Mice’s Brain Function Is Linked To Addictive Drugs According To A Study

Nikki Attkisson | Last Updated : January 20, 2022

The use of a large volume, the three-dimensional serial electron microscope was required to achieve that degree of detail. It was possible to have a closer look at the dopamine neurons in a variety of cocaine-sensitized mice and control animals using a high-powered microscope capable of visualizing the finest elements of the brain.

Mice’s Brain Function Is Linked To Addictive Drugs According To A Study

The findings revealed that, with the exception of a few rare situations, dopamine neurons do not form physical connections. And the latter could imply that dopamine neurons are not all the same and that a separate subclass exists that is more prone to making physical connections. In general, they discovered that dopamine-releasing tiny swellings, or varicosities, could be categorized into four different categories based on the size and number of neurotransmitter-carrying vesicles each varicosity contained.

Mice's Brain Function Is Linked To Addictive Drugs According To A Study

A pair of frying eggs was utilized as a metaphor for the effects of drugs on the human brain in a late-twentieth-century commercial intended to combat drug addiction. While researchers have long recognized a link between drug misuse and negative changes in the brain, it is only now that they can investigate the changes in more depth.

The findings shed light on the function of important dopamine neuron structures that are engaged in a variety of tasks, including voluntary movement and behavior. The findings closed a chapter on certain old concerns about how dopamine is transported while opening a fresh one on others. The researchers hope that by continuing their research, they will be able to better understand how certain types of addiction work and, maybe, develop targeted therapies. The team’s goal was to better understand how dopamine is transported across neurons because they don’t have traditional physical connections where signals are carried across synapses.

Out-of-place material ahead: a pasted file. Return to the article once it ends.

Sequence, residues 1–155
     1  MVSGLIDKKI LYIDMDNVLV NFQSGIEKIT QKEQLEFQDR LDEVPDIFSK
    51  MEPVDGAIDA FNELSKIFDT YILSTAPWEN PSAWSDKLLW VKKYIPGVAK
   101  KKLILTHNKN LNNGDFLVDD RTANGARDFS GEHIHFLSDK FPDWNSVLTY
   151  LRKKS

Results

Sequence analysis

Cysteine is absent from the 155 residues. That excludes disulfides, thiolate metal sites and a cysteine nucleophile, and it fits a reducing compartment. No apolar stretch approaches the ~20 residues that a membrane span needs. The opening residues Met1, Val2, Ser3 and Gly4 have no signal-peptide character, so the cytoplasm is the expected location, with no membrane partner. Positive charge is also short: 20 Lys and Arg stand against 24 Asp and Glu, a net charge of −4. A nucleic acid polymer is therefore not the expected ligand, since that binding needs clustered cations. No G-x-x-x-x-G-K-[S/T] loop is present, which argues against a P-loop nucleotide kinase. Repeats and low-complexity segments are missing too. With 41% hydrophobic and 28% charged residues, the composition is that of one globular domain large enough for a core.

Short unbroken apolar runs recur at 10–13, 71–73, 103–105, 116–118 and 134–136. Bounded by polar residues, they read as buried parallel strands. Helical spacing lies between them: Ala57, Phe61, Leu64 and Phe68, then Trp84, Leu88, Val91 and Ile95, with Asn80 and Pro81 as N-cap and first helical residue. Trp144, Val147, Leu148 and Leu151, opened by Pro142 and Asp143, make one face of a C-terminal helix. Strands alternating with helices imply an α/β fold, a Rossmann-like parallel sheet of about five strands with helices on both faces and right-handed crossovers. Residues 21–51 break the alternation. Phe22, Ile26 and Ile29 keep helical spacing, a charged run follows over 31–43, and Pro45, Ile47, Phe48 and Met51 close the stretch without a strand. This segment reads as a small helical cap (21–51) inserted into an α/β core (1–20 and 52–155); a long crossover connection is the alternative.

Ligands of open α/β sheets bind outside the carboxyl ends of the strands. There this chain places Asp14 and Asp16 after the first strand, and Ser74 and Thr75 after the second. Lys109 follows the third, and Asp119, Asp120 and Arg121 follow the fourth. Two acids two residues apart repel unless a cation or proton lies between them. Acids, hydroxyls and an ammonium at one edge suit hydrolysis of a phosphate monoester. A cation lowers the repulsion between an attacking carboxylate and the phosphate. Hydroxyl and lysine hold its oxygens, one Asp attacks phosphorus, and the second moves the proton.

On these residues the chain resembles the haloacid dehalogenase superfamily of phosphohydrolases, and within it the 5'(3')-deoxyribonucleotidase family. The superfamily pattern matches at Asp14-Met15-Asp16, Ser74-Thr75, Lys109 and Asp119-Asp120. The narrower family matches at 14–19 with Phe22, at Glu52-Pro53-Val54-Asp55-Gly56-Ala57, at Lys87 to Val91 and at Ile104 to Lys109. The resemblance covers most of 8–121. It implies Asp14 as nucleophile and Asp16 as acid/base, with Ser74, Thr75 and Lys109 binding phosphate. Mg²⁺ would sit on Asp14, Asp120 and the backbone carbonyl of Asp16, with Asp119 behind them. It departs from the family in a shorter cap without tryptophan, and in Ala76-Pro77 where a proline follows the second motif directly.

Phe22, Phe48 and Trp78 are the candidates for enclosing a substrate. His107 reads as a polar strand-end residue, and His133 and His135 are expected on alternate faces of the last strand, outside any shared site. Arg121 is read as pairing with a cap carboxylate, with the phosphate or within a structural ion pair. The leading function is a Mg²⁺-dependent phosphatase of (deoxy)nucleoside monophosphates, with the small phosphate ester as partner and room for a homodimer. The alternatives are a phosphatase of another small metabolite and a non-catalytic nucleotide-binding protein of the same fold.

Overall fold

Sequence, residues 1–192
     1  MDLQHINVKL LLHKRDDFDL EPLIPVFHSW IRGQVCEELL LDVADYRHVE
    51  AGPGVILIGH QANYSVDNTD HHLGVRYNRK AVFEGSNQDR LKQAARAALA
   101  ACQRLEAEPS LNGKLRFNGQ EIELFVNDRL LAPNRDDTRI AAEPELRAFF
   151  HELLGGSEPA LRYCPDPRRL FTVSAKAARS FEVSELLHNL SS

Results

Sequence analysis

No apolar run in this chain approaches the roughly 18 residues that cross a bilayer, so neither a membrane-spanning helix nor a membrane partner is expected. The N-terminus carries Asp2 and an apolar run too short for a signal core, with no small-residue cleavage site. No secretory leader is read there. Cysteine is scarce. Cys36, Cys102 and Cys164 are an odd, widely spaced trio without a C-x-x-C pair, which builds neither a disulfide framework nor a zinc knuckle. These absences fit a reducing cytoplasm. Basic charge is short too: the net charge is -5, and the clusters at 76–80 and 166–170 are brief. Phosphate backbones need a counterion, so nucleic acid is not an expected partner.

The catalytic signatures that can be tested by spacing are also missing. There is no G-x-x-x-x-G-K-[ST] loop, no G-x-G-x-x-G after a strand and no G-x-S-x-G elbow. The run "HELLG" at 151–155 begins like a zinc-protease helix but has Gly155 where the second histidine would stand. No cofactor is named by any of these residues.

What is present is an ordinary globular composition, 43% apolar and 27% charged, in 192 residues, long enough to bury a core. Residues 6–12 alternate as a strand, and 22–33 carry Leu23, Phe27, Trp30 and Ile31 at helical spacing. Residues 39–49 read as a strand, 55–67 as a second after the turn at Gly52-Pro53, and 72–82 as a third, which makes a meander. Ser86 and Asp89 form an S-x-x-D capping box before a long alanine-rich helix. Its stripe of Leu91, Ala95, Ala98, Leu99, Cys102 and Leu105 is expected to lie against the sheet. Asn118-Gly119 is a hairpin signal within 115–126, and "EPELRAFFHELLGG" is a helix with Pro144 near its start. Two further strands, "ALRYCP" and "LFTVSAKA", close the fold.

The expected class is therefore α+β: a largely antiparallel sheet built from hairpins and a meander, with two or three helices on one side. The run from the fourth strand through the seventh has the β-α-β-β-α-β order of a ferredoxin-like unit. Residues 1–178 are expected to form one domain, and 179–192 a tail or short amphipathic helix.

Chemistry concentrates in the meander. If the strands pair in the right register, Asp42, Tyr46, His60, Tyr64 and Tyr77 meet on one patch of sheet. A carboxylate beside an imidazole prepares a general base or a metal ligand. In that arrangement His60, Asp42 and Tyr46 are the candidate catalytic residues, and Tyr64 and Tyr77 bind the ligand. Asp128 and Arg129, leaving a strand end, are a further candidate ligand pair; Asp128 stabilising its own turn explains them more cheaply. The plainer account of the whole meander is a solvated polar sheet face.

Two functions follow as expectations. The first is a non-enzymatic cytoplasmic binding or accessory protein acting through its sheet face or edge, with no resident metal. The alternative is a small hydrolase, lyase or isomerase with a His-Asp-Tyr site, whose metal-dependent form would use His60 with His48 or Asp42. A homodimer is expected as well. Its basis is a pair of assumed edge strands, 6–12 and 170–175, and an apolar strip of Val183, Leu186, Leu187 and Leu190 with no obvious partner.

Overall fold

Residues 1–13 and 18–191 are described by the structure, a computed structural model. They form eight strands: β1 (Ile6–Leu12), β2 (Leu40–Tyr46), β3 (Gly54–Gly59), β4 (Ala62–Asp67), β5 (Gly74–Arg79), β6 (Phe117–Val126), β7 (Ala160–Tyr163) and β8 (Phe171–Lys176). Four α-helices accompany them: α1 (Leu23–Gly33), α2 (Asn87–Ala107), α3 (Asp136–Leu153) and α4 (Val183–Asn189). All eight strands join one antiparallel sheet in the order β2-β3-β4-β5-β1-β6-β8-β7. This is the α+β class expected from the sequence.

They also discovered that roughly half of the axons they analyzed had large swellings, or bulbs, at various positions along the axon, which was a completely unexpected finding. The closest analog to these bulbs may be found in developing animals, at the intersections where neurons and muscle meet. An axon retracts or is pruned in some situations, and then expands up into a big bulblike shape.

The researchers noticed sprouting and retracting in the same axon at times. According to the researchers, this is the first time this behavior has been documented in the context of a disease model. The researchers discovered that some of these swellings lacked vesicles, leading some critics to claim that they couldn’t be classified as legitimate release sites. They believe that, in addition to the presence of vesicles, empty varicosities imply the presence of other chemical components that characterize dopamine release locations.

Laboratory animals can readily overdose to death if they have unlimited voluntary intravenous access to heroin or cocaine. Drug addicts, lethal overdose is a common occurrence. Mice and rats can also freely consume enormous amounts of alcohol, resulting in severe drunkenness. These characteristics of drug-taking behavior in experimental animals are similar to human drug-taking behavior, implying a high level of face validity.

Face validity, on the other hand, is frequently the product of anthropomorphic interpretations of animal behavior. If, on the other hand, behavioral traits have evolved through time, actual face validity can be inferred. Behavioral fear responses, for example, are essential for most species’ survival and have evolved over millions of years. As a result, the freezing behavior seen in mice and humans in reaction to scary stimuli has actual face validity. This procedure generates a three-dimensional volume that allows researchers to detect and trace different anatomical aspects of dopamine neurons, which had previously been difficult to perform.

Nikki Attkisson

With over 15 years as a practicing journalist, Nikki Attkisson found herself at Powdersville Post now after working at several other publications. She is an award-winning journalist with an entrepreneurial spirit and worked as a journalist covering technology, innovation, environmental issues, politics, health etc. Nikki Attkisson has also worked on product development, content strategy, and editorial management for numerous media companies. She began her career at local news stations and worked as a reporter in national newspapers.

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